‘I’d never let him near children’: Leading child sex abuse expert who investigated said she would not trust former Prime Minister Ted Heath were he alive today
- Dr Elly Hanson says Ted Heath would not meet ‘modern safeguarding criteria’
- She hit out at the ‘hostile’ response to police enquiry into the late Prime Minister
- Compared it to the Harvey Weinstein scandal in being late to surface in media
One of Britain’s leading experts on child sex abuse who took part in the investigation into paedophile claims against Sir Edward Heath has said she would not trust him with children were he alive today.
Dr Elly Hanson, a clinical psychologist who specialises in abuse and trauma, said her opinion was based on secret evidence obtained by police concerning Sir Edward’s alleged crimes.
She also criticised the ‘hostile’ response to the police inquiry into the former Prime Minister, who died in 2005, which said he should be questioned under caution over the abuse allegations if he were alive.
Dr Hanson compared the response to the Harvey Weinstein scandal and the silence that shrouded his alleged behaviour before this month’s revelations, arguing that it deterred other sex abuse victims from reporting crimes.
She spoke out after Wiltshire Chief Constable Mike Veale faced pressure to resign over claims that he was ‘duped’ by ‘fantasist’ allegations against Sir Edward.
Dr Elly Hanson (pictured) , a clinical psychologist and one of the leading experts on child sex abuse, says she would not trust former Prime Minister Sir Edward Heath with children if he were alive today
A report by Mr Veale said seven of 42 allegations of assault by Sir Edward of young boys would justify questioning him under caution – though did not prove his guilt.
Dr Hanson told The Mail on Sunday: ‘On the balance of probabilities and based on the information I have seen, if I was asked to decide if Sir Edward should have access to children I would say he would not meet the modern safeguarding threshold to protect them from risk.’
One of four ‘independent scrutineers’ given full access to secret details of child sex allegations against Sir Edward, Dr Hanson praised the ‘professional, thorough and sensitive’ inquiry.
‘Just because a jury can never decide guilt or otherwise in this case does not mean we cannot or should not even look at it,’ she said.
‘Jimmy Savile, Cyril Smith and Harvey Weinstein are all innocent in the eyes of the law, but we have been able to have a discussion about what they are alleged to have done.
Yet some appear to think we are not entitled to have the same discussion about Sir Edward Heath.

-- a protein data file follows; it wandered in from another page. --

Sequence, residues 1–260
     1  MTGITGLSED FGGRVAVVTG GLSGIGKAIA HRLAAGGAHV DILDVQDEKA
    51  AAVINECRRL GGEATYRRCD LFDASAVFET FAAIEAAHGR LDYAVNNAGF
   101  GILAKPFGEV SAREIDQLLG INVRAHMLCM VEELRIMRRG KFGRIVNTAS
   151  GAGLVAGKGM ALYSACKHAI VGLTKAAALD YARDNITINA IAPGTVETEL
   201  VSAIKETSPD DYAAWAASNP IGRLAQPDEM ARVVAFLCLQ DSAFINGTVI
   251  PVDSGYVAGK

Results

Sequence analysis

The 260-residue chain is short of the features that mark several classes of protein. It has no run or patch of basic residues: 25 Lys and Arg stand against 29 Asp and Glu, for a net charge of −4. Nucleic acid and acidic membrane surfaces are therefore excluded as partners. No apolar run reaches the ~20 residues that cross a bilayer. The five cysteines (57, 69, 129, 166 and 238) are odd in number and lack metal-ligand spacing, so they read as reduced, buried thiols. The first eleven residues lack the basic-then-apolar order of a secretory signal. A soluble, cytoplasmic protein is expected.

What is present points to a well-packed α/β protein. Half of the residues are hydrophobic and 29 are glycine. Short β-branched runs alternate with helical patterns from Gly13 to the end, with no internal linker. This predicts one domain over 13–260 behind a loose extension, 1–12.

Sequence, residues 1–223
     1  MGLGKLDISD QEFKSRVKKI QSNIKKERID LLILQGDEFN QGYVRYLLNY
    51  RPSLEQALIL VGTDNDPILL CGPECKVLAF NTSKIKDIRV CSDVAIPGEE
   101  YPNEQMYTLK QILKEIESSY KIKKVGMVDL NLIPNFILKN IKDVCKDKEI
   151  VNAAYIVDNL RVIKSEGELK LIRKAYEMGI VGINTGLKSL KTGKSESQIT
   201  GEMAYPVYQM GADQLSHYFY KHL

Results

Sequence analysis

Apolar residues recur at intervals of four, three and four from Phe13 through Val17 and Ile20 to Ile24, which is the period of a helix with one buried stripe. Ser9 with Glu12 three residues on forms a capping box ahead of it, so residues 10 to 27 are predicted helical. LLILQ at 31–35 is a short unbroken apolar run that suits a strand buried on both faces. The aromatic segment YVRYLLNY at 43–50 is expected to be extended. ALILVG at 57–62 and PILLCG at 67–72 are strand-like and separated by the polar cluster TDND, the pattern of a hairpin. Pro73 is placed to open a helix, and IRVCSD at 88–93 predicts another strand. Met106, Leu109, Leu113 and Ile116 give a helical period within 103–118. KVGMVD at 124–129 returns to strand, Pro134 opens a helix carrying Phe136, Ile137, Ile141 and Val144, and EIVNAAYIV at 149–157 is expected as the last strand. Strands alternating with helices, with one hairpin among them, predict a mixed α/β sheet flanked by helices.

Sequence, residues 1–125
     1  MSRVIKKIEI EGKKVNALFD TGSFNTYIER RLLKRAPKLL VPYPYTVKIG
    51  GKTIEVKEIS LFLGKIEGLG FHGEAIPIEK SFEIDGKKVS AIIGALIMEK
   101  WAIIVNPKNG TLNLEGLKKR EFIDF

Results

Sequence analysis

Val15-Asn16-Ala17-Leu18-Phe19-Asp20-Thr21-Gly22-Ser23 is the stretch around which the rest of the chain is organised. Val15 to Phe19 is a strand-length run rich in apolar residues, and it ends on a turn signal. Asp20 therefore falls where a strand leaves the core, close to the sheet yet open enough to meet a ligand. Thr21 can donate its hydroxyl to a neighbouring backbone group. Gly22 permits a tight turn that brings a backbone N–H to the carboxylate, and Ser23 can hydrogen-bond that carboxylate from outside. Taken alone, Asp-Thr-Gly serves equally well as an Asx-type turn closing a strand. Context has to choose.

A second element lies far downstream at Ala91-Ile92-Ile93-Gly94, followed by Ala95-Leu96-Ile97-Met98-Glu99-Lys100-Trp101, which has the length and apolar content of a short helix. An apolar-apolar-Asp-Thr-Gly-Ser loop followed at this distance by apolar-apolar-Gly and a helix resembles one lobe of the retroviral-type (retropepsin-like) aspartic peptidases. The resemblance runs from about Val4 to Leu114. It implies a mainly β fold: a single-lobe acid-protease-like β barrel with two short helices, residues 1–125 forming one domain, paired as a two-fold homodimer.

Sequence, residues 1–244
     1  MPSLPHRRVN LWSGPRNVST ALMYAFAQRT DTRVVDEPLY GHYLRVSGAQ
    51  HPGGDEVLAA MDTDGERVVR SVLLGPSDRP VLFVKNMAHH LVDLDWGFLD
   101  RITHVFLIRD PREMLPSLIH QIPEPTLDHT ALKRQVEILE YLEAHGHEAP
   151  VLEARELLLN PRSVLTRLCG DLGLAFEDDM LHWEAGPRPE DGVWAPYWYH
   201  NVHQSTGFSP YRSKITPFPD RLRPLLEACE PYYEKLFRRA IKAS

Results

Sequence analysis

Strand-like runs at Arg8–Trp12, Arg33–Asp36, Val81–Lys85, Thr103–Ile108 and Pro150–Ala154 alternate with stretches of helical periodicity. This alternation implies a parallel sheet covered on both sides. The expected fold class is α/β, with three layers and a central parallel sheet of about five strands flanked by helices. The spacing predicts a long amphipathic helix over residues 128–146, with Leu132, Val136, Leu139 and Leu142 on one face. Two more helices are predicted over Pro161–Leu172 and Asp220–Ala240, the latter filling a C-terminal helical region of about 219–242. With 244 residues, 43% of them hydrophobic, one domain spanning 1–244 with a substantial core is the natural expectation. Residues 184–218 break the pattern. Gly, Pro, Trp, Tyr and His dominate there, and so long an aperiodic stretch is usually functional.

‘I am not saying he is in the same category as them, or that he is guilty. But in my view, the fact that he was Prime Minister makes it all the more important that we can discuss it.’
She said some of the evidence obtained by police was ‘very compelling’, often with ‘supporting information’.
Dr Hanson said: ‘The hostile response by some to the inquiry into Sir Edward Heath is disappointing. To label everyone who comes forward as fantasist is unfair and unhelpful. It sends completely the wrong message to all victims of sexual abuse.
‘As we have seen in the Weinstein case, if they feel they won’t be listened to they will remain silent.’
A recent report said seven of 42 allegations of assault by Ted Heath (pictured) of young boys would justify questioning him under caution
She was backed by fellow ‘scrutineer’ Perdeep Tanday, who runs a pharmacy business in Salisbury, Sir Edward’s home city.
Mr Tanday, appointed to ‘represent the public view’, said he was ‘shocked’ to learn from detectives of details of Sir Edward’s alleged crimes.
He said: ‘I always had great respect for Edward Heath as a politician but the allegations were shocking.
I believe the majority were 100 per cent genuine and convincing. The evidence was of a high quality and in many cases corroborated.’
Asked if he would have trusted Sir Edward with his three grown-up sons when they were younger, Mr Tanday declined to answer.
Mr Tanday, 51, added: ‘Unlike those criticising Mr Veale, I know the facts.
The evidence was gathered by detectives with decades of experience of investigating rape, murder and other serious crimes. I trust them.’
Mr Veale received further support from Wiltshire MP Claire Perry, former adviser to David Cameron on the sexualisation of children.
‘We would have been doing victims of sexual abuse a great disservice if we hadn’t investigated these claims and I fully support Mike Veale,’ said Ms Perry.